One hopes that the big screen and streaming space can co-exist happily to the advantage of all filmmakers and audiences.
What is the relationship of a filmmaker with their audiences? Is the relationship one-way – of the filmmaker supplying a source of entertainment – or do you think there is a possibility of recipients transitioning from audiences to citizen audiences, who are critical, forthright in their criticisms, and demand better storylines?
I think there is always an audience whose love and validation you seek as a filmmaker. Even if it’s a very small audience. The cycle of the film is complete only when it reaches an audience. It could be friends watching your short film, it could be festival audiences in another part of the world, it could be people in theatres, people watching from the comfort of their homes.
First and foremost as a filmmaker, I feel I am myself the audience. I must like and connect with what I am creating. Because I can’t think from another person’s point of view. I can only watch as myself.
I also feel films find their audiences. I believe in trusting that process. Also by consistently making films that you believe in, you can slowly create an audience that connects with your work.
To have respect for the audience that is watching your work is important. When audiences find joy and meaning and humanity and hope through watching your films, there is no greater fulfilment than that. When people find pieces of themselves, when watching your films allows them to access something deep within themselves… that is what one aspires for as a filmmaker.
And yes, if you live in a society where your stories and characters are challenging the status quo simply by existing, then so be it. But the aim of making films, for me, is not to change society. But perhaps to provide a mirror.
I personally want to make films that enable people to feel and think and laugh a little, get a little moist-eyed, and smile a little. I don’t believe in enabling escape from one’s life. I’d rather people discover things about themselves through my films. And that the journey with my characters means something to them.
From being an assistant to Prakash Jha to a director of critically acclaimed films yourself, what have been the highs and lows of your filmmaking journey, and how do you push your creative boundaries each time?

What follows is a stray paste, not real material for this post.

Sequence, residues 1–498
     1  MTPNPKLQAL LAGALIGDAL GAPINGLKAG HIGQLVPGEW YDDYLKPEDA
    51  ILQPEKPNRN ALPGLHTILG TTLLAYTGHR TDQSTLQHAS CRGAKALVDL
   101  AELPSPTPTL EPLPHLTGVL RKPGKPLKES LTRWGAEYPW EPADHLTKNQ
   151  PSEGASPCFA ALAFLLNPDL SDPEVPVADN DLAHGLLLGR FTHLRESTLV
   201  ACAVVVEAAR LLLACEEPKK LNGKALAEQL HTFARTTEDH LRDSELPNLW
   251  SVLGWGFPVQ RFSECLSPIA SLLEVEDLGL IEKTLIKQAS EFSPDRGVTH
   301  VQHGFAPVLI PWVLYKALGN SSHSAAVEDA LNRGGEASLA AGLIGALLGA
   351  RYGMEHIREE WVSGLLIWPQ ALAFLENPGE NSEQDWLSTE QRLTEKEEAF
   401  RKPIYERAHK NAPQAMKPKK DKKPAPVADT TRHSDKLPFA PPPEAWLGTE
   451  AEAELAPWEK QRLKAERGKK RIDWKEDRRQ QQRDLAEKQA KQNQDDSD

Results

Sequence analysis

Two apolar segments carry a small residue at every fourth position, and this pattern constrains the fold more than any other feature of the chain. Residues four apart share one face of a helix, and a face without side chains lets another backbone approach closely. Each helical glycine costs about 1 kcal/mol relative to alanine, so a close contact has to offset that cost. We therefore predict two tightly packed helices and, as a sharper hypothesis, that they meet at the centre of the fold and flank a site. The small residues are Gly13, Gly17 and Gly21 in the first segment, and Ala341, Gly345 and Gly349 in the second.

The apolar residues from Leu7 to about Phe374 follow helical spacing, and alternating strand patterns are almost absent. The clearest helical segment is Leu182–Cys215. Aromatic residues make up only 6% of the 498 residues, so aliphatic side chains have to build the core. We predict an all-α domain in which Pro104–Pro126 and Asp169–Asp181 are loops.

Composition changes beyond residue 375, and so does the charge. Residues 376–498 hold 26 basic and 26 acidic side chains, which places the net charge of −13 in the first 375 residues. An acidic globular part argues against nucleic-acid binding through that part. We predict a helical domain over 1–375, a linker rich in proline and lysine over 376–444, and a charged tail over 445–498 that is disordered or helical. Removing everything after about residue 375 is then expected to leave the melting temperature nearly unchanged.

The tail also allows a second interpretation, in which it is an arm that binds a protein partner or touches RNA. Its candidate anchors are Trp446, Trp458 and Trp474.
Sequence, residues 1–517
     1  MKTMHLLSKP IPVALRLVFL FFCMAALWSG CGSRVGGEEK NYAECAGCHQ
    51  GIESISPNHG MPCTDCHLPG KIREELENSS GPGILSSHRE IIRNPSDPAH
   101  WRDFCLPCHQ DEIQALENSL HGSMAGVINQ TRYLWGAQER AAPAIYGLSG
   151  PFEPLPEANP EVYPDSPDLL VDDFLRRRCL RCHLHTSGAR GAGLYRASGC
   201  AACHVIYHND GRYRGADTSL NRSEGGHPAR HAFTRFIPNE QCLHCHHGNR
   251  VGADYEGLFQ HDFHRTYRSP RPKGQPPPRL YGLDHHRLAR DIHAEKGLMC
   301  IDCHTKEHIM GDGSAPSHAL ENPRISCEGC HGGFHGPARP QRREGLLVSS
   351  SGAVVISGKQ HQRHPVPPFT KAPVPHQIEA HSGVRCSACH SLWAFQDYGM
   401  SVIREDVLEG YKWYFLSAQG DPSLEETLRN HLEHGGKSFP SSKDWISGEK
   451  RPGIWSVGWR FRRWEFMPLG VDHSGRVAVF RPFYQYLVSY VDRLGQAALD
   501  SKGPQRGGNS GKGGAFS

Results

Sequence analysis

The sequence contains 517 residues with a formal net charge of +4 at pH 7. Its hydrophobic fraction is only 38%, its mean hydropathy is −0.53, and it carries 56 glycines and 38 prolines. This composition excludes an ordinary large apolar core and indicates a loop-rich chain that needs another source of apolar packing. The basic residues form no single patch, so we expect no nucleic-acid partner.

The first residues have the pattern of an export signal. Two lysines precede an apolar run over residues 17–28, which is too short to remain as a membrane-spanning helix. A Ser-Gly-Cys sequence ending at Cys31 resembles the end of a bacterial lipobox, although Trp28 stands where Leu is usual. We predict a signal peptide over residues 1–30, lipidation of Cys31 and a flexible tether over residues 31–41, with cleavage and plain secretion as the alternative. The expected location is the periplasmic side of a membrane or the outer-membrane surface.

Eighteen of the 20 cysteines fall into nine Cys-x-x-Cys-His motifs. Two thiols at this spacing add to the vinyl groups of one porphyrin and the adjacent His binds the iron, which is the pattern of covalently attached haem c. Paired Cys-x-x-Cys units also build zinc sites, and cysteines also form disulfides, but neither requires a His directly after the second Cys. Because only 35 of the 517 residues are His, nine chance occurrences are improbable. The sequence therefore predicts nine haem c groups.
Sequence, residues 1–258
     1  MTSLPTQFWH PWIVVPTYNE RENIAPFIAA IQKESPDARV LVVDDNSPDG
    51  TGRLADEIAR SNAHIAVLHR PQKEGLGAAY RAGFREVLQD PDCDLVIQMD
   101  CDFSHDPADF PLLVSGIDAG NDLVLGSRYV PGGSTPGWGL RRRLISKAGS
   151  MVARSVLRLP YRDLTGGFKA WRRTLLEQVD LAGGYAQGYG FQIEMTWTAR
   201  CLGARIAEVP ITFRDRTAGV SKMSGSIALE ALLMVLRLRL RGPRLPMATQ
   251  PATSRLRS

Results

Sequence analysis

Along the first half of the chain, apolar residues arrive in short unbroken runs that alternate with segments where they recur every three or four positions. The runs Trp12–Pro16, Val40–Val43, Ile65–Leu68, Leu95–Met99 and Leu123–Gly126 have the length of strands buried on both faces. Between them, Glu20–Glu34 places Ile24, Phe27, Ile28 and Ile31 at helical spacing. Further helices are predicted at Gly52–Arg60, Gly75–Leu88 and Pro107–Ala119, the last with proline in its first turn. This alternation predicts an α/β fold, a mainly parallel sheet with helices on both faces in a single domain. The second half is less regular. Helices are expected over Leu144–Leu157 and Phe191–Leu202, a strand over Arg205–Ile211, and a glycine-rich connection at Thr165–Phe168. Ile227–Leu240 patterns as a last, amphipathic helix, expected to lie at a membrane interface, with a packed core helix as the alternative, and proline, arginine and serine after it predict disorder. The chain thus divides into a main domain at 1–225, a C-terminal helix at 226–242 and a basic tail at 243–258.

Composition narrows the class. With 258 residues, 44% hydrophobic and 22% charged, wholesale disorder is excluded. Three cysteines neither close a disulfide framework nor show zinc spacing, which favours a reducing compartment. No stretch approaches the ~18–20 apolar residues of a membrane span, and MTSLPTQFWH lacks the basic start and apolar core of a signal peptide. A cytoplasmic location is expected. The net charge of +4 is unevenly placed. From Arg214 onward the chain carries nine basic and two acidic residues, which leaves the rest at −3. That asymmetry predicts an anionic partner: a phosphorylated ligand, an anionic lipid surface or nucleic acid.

I think the biggest high is to be on a set. There is no feeling like shooting. It’s just very fulfilling. And once I experienced that feeling of being on a film set, on my first film as an assistant director – Gangaajal – I knew there was no looking back. I just wanted to experience it again and again.
I love letting characters and stories form in my head. Some of those one ends up writing. And some of those become full-fledged scripts. And some of those see the light of day. In that sense I feel films have their own destiny. The ideas that go through all these wringers become the ones we share with the world.
It’s been such a long journey, but I think the highs make one forget every kind of low. The biggest lows for me have been the times when I have struggled to get my films released.
The lows are also often internal, about doubting oneself. The uncertainty of – is this the story I should be telling?
But the love one gets when the film comes out, the joy one feels when people identify with the characters you created in your head, there is something so special about that. That one person who gets that little something you were trying to say in that one scene, and it makes everything worth it.
I think it’s a privilege to be a filmmaker. And I am so grateful that I have the most wonderful job in the world.
I think life itself is the best inspiration for all creativity. I think to be engaged with people around us, life around us, there can be no better fodder for one’s growth. In a pre-Covid world, I loved people watching. I love to write in cafes, wherever in the world I am, because in a strange and sweet way it kind of makes one feel connected to a larger humanity. You are by yourself, but not alone.
I love reading. And I think all my life I have been shaped by the books I read. I particularly enjoy reading literary fiction by female authors. Reading is my solace, and my replenishment.
And I think to just be alive to the world around you works wonders. I think inspiration is everywhere, it depends on if we can recognise it.
Lead image (L-R): Bhumi Pednekar, Alankrita Shrivastava and Konkona Sensharma